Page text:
Contracts for the International Sale of Goods

Applicability and Applications of the 1980 United Nations Sales Convention

Contracts for the International Sale of Goods provides an examination of the United Nations Convention on Contracts for the International Sale of Goods (CISG). Extensively referenced, this volume focuses on three fundamental issues, which, due to added attention from courts and arbitral tribunals, are considered “typical” of CISG related disputes. These include the exact determination of the CISG’s sphere of application; issues relating to the non-conformity of delivered goods; and the determination of the rate of interest on sums in arrears. This analysis will also help readers understand the broader context in which these issues are embedded, and ultimately illustrates how the CISG is interpreted and applied in different jurisdictions.

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Franco Ferrari is a professor of law at New York University School of Law, where he also directs the Center for Transnational Litigation and Commercial Law. After serving as a member of the Italian Delegation to various sessions of the United Nations Commission on International Trade Law (UNICITRAL), he served as Legal Officer to the International Trade Law Branch of the United Nations Office of Legal Affairs. He has published more than 200 law review articles in various languages and 12 books in the areas of international commercial law, conflict of laws, comparative law and international commercial arbitration. Prof. Ferrari also serves as an international arbitrator.
I. Introduction
1. Historical Remarks
2. The Need for a Uniform Application of the CISG as Justification for this Paper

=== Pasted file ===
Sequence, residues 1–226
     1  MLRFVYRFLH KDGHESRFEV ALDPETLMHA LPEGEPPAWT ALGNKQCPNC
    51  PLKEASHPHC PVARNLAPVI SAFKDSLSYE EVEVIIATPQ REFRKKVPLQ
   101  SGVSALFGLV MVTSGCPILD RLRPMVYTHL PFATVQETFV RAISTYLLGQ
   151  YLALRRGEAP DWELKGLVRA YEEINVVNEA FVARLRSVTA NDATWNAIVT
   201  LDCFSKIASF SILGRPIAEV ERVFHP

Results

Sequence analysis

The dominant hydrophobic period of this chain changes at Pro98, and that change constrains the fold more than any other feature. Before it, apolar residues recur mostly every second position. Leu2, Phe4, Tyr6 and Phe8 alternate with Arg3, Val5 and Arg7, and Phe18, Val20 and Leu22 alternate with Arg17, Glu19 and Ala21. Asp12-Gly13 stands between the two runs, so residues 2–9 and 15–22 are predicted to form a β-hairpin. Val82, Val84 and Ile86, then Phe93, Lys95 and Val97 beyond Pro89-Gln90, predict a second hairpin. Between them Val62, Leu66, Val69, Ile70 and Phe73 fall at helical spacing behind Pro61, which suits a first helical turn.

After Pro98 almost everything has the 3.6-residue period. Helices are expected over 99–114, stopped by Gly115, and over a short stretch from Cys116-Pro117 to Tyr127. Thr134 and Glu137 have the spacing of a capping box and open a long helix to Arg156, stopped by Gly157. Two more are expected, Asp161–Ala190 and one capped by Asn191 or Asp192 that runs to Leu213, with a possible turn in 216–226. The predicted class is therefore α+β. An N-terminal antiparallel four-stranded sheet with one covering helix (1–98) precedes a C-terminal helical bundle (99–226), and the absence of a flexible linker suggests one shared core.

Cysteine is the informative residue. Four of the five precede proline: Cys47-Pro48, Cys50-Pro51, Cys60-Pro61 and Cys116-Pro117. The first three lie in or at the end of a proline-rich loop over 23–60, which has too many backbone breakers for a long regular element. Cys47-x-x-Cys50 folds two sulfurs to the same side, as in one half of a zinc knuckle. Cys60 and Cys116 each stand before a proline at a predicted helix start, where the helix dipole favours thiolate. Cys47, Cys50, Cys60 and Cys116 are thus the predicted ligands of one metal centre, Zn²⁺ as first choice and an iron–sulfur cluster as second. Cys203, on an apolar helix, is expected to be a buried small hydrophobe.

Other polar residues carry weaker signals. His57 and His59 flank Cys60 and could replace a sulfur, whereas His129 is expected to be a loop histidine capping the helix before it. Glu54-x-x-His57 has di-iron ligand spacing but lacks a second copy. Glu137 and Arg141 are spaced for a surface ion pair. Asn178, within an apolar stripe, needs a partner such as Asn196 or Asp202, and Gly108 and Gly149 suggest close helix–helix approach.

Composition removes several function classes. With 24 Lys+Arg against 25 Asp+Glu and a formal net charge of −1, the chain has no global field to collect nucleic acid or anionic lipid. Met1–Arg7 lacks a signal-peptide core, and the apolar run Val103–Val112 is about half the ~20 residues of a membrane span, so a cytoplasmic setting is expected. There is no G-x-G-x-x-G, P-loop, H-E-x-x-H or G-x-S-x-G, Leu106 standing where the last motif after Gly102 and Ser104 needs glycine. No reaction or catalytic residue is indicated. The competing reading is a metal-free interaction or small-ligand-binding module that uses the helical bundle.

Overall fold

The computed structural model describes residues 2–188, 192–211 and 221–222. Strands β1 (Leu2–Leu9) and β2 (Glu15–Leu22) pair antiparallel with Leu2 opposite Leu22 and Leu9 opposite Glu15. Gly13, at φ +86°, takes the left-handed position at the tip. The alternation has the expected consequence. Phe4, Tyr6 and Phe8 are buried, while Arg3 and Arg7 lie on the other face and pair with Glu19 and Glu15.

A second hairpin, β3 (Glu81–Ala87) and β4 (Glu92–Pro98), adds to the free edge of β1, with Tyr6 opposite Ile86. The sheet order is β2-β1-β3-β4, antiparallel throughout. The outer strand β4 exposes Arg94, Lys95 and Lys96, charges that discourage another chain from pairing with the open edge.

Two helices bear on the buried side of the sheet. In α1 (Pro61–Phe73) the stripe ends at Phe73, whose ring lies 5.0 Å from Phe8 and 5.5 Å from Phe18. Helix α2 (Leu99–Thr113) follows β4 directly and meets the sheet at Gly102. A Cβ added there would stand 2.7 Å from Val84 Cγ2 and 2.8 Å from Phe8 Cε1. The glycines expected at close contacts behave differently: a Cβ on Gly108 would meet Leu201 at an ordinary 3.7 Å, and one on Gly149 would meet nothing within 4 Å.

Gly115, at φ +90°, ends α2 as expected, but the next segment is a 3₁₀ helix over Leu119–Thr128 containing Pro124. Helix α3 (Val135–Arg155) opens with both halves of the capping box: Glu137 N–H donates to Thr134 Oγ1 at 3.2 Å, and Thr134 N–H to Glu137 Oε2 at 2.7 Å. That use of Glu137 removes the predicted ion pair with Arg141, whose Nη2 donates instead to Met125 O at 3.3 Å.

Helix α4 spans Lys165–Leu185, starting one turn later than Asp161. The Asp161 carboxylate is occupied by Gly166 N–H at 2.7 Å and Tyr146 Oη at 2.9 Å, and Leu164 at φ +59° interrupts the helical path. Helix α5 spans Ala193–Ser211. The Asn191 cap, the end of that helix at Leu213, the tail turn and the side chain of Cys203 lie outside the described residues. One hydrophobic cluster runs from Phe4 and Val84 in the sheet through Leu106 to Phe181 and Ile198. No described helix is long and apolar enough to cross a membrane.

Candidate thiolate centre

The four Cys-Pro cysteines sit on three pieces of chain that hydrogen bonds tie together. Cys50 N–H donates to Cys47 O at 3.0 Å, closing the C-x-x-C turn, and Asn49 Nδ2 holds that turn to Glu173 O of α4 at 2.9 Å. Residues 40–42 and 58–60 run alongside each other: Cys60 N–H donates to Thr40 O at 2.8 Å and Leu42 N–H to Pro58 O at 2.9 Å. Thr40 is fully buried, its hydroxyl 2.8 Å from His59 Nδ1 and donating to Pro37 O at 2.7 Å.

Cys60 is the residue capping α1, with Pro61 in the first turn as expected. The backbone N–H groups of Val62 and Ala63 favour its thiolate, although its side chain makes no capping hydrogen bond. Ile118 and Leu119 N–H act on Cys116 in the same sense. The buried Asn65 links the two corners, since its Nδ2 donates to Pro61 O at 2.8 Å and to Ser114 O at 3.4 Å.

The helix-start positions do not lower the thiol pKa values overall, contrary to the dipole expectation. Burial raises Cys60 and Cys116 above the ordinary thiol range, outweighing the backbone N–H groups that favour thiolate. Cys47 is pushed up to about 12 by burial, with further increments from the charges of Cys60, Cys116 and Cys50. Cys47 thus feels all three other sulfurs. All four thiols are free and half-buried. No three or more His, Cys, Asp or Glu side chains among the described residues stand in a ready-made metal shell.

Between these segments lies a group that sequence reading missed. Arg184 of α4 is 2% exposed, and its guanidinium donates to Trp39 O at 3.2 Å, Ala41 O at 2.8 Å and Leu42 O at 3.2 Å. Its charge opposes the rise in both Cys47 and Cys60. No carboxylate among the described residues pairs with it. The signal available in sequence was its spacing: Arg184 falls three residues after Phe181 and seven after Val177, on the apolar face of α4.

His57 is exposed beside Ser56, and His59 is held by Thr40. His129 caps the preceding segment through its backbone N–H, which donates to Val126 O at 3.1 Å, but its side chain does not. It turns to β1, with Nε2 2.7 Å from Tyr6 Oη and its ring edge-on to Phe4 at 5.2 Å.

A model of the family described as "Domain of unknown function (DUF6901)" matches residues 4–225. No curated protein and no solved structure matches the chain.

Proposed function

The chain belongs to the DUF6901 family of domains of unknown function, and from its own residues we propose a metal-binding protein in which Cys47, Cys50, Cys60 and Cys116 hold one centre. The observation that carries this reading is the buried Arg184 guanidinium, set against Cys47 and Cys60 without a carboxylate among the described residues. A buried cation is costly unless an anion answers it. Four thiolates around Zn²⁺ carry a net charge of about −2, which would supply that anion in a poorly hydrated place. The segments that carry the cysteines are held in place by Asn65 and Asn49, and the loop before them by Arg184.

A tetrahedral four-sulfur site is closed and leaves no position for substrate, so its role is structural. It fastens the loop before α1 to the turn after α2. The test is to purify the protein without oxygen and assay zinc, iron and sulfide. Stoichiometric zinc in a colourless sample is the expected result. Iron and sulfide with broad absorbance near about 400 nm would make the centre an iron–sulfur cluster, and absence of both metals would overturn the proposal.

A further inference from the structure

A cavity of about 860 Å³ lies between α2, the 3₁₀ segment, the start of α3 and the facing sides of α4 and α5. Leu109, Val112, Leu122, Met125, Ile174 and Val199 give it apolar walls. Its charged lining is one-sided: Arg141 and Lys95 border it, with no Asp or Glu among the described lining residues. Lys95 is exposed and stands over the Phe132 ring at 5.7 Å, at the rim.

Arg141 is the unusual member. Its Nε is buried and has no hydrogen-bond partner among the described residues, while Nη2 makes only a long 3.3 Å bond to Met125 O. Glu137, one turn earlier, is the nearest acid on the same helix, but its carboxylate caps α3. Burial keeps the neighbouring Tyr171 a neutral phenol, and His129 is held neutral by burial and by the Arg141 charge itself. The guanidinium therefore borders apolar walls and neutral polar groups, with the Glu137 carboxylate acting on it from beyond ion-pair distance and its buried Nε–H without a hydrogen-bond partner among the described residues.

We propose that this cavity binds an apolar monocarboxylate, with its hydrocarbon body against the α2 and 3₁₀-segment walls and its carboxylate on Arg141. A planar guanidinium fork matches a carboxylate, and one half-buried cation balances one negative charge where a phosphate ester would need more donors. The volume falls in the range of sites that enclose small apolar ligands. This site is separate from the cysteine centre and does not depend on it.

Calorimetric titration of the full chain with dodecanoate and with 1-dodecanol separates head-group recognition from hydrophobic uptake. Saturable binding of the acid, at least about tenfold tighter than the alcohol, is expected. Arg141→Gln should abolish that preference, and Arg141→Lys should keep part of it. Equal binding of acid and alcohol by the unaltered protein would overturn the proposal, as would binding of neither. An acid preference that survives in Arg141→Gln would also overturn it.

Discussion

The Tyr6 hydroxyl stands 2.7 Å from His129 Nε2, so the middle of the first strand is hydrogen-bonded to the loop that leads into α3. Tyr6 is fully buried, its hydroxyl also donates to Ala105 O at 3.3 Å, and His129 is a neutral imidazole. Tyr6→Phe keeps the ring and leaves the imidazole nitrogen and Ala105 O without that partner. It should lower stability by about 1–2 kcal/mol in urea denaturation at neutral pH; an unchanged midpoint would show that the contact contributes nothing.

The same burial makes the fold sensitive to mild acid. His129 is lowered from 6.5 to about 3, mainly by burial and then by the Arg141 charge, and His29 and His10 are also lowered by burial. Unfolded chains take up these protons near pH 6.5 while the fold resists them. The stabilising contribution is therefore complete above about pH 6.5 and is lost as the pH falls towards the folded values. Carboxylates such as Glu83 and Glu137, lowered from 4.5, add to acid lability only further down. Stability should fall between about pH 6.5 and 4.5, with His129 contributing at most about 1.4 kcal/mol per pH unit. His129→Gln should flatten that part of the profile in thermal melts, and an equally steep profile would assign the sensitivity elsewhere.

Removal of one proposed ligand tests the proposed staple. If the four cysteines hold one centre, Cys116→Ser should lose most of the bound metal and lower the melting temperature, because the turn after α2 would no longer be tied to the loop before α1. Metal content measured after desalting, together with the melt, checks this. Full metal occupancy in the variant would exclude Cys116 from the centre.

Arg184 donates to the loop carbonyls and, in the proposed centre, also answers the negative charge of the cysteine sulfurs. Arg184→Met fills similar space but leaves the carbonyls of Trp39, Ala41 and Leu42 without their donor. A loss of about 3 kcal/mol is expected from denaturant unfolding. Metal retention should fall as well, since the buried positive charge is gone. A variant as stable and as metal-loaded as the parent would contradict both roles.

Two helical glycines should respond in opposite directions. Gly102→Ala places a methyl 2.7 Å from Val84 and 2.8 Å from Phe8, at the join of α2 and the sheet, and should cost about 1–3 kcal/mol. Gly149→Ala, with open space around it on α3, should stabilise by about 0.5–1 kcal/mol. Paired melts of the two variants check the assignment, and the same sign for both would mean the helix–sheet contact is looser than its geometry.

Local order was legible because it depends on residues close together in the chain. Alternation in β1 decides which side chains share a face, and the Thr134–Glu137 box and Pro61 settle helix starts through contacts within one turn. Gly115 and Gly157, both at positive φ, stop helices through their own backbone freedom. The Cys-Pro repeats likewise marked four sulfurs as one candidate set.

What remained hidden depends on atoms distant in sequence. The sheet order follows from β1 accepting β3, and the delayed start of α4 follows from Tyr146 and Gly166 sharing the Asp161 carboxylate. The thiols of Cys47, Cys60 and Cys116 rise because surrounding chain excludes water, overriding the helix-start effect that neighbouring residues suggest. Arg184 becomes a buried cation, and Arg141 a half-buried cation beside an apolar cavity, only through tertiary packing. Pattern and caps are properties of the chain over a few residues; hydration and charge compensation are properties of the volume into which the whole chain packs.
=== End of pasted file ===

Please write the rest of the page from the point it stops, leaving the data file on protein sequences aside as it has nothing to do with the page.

3. The Scope of the Present Paper

II. The Internationality of Sales Contracts under CISG
1. Comparing the CISG and the Hague Conventions
2. The Internationality of Sales Contracts under the Hague Conventions
3. The Internationality of Contracts under the CISG
4. The “Place of Business” under CISG
5. Multiple Places of Business
6. Location of the Place of Business and the Knowledge of It

III. The CISG’s Criteria of Applicability (1(1)(a) and 1(1)(b))
1. The CISG’s “Direct” Application pursuant to Article 1(1)(a)
2. The CISG’s “Indirect” Application by Virtue of the Rules of Private International Law - Article 1(1)(b)
3. The Impact of the Article 95 Reservation on the CISG’s Applicability
4. The Application of the CISG by Arbitral Tribunals

IV. The Convention’s Substantive Sphere of Application
1. The Sales Contract
2. Other Contracts Governed by the CISG
3. Contracts for the Sale of Made-to-Order Goods and Services
4. Contracts for the Sale of Labor and Services
5. The International Sale of “Goods”

V. Exclusions from the CISG’s Sphere of Application pursuant to Article 2
1. General Remarks
2. Exclusions of Consumer Contracts: The Definition of Consumer Contracts
3. The Recognizable Purpose of the Purchase of Goods and the Burden of Proof
4. Exclusions of Sales based upon the Nature of the Goods Sold: Negotiable Instruments and Money
5. The Exclusions of Ships, Vessels, Hovercraft, Aircraft and Electricity (Article 2(e) and (f))

VI. Sphere of Application and Party Autonomy
1. General Remarks
2. Implied Exclusion of the CISG and Choice of the Applicable Law
3. Exclusion of the CISG by virtue of Standard Contract Forms and Choice of Forum
4. Implicit Exclusion of the CISG and Pleadings on the Sole Basis of Domestic Law
5. Express Exclusion of the CISG
6. Applicability of the CISG and Opting In

VII. The Examination and Notification in Case of Non-Conformity of the Goods
1. Introduction
2. The “Lack of Conformity”: Article 35(1) CISG
3. The “Lack of Conformity”: Article 35(2) and (3) CISG
4. The Discovery of the Defect (Article 38 CISG)
5. The Time Requirements of a Proper Notice under Article 39 CISG
6. Substantive and Form Requirements of a Proper Notice under Article 39(1) CISG and the Cut-off Period under Article 39(2) CISG
7. The Mitigation of the Consequences of an Improper Notice (Articles 40 and 44 CISG)

VIII. The Issue of the Rate of Interest on Sums in Arrears
1. The Issue of Interest Rates in General
2. Interest Rates and Gap-Filling
3. The Rate of Interest in Scholarly Writing
4. The Issue of the Rates of Interest in Case Law
5. The Determination of the Rate of Interest on the Basis of Domestic Law

IX. Conclusion
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